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Once they acquired the chain, Jim and Pete Jr. laid out their strategy to streamline and then re-grow the once robust brand. They decided to let the chain shrink a little by cutting loose unwanted franchisee operators. “When you’re a franchise system and your franchisor company is not investing in the brand, trying to build the brand, or managing the brand, the franchisees tend to go off on their own and do things that aren’t following brand standards,” Plamondon says. “They start to not follow the menu that they should be. They don’t reinvest in the business the way they should be. So we thought that there were a number of operators that needed to be weeded out of the system after we took it, and we allowed some of the franchise agreements to just expire and not renew them. We encouraged some restaurants to close down.”

Then they started growing again.

When the Plamondon brothers took control of Roy Rogers, the unit count had dropped into the 40s. It is now up to 55 across six states including Maryland, Virginia, West Virginia, New York, New Jersey, and Pennsylvania. They opened six new restaurants (five franchise, one company owned) in 2016 and one new franchise unit last year. They hope for at least two more in 2018. “We’re trying to reignite this brand and it’s very exciting,” Plamondon says. He reports that 24 of the 55 units are company owned and operated, and the other 31 of them are franchised, with the largest franchisee being HMS Host.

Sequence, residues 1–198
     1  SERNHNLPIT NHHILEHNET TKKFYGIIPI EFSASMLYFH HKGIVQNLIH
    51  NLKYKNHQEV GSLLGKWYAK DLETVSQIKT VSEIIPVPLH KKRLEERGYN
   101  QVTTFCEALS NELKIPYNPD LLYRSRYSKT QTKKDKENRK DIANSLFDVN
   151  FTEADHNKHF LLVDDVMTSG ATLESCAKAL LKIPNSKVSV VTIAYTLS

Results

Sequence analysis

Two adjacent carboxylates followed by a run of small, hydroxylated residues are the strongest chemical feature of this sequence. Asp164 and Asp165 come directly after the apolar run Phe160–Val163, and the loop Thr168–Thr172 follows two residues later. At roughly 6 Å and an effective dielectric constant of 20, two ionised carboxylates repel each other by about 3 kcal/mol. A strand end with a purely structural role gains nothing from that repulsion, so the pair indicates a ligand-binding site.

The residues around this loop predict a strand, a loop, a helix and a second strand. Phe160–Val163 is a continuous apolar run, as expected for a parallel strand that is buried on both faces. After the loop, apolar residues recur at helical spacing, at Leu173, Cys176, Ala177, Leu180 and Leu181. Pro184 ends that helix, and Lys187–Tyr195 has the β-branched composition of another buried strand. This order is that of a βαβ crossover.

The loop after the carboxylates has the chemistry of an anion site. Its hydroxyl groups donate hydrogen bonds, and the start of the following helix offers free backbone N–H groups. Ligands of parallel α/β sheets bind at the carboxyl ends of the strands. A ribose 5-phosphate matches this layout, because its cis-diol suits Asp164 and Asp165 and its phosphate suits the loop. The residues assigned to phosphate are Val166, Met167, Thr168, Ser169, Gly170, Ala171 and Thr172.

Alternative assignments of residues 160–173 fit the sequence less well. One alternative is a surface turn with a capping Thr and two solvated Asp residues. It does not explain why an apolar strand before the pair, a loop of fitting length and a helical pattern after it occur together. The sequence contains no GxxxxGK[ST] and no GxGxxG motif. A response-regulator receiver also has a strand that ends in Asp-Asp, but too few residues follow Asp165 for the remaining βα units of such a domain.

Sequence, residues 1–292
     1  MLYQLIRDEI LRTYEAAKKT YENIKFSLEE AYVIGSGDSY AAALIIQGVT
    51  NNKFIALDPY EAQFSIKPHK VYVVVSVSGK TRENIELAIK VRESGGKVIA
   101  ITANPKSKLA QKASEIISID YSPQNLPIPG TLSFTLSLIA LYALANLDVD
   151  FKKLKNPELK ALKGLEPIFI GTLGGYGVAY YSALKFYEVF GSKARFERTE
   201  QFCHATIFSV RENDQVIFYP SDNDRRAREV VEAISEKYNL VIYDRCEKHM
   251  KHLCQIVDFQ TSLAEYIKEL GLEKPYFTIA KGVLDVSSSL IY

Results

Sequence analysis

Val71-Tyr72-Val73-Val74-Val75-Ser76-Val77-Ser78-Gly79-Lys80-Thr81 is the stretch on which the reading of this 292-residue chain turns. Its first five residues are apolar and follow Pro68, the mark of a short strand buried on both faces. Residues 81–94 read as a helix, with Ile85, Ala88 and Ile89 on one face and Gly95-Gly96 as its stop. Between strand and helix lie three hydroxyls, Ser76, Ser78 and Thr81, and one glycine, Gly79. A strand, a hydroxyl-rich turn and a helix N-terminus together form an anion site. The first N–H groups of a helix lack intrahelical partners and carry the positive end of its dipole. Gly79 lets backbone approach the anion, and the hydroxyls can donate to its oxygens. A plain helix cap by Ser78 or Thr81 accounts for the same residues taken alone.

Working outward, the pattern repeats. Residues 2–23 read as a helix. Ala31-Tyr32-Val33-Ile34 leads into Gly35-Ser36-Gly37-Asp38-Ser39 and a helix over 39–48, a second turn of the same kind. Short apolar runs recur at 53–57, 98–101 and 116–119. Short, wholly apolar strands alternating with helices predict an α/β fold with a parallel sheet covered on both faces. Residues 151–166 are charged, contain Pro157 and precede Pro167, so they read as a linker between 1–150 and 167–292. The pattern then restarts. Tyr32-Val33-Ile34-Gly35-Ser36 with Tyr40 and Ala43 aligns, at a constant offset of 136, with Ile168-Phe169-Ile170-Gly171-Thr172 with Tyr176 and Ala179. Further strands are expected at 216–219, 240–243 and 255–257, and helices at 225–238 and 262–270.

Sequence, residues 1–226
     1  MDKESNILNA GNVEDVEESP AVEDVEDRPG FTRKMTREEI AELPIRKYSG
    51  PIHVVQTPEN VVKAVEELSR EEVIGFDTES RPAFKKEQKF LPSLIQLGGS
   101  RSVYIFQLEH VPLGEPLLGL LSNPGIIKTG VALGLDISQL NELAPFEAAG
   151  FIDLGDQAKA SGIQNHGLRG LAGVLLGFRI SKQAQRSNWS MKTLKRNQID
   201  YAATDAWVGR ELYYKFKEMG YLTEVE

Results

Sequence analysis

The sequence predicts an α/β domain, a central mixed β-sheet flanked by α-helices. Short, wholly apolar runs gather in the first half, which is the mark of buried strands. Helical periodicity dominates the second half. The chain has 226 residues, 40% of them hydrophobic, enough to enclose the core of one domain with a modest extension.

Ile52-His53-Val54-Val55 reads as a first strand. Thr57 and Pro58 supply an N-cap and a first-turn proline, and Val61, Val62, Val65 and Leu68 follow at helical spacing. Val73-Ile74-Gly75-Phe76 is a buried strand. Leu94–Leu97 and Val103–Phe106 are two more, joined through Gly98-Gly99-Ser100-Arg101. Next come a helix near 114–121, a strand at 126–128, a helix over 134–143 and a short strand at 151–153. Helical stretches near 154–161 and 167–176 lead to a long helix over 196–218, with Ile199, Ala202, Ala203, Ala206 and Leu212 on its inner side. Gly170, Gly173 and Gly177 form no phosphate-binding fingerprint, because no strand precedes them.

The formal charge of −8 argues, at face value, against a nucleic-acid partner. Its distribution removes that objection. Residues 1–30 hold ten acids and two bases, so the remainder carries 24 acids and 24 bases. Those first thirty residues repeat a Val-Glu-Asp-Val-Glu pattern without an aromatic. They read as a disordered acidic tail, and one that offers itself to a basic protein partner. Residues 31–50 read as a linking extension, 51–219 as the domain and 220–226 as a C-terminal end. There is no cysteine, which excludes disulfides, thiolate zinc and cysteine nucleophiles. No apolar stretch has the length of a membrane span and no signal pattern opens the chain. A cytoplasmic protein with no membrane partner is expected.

Roy Rogers teamed with Relevant Mobile, the creators of the company’s app, and relaunched a more user and mobile friendly website about a month ago. The Roy’s app is interfaced through OLO. “It’s a company that works with a number of brands like ours, and it’s really just tied into our app,” Plamondon says. The app works on desktop and mobile. “It’s growing and we know what we need to do to make it worthwhile. And I think it will be.”

The Roy Rogers co-owner understands that customers today seek convenience in ease of ordering and ease of pick up. “They’re on the go,” he says. “I think it’s exciting, and we like it because we can be prepared for seeing the orders coming in, so we’ll get the food ready for them right when they arrive.” The next potential phase will be using kiosks in their restaurants to help ease ordering. “I do think there are more and more people that would like to just be able to place their order on a kiosk rather than face to face now,” he says, adding that he does not want that type of ordering system to replace he people and the hospitality that his company provides.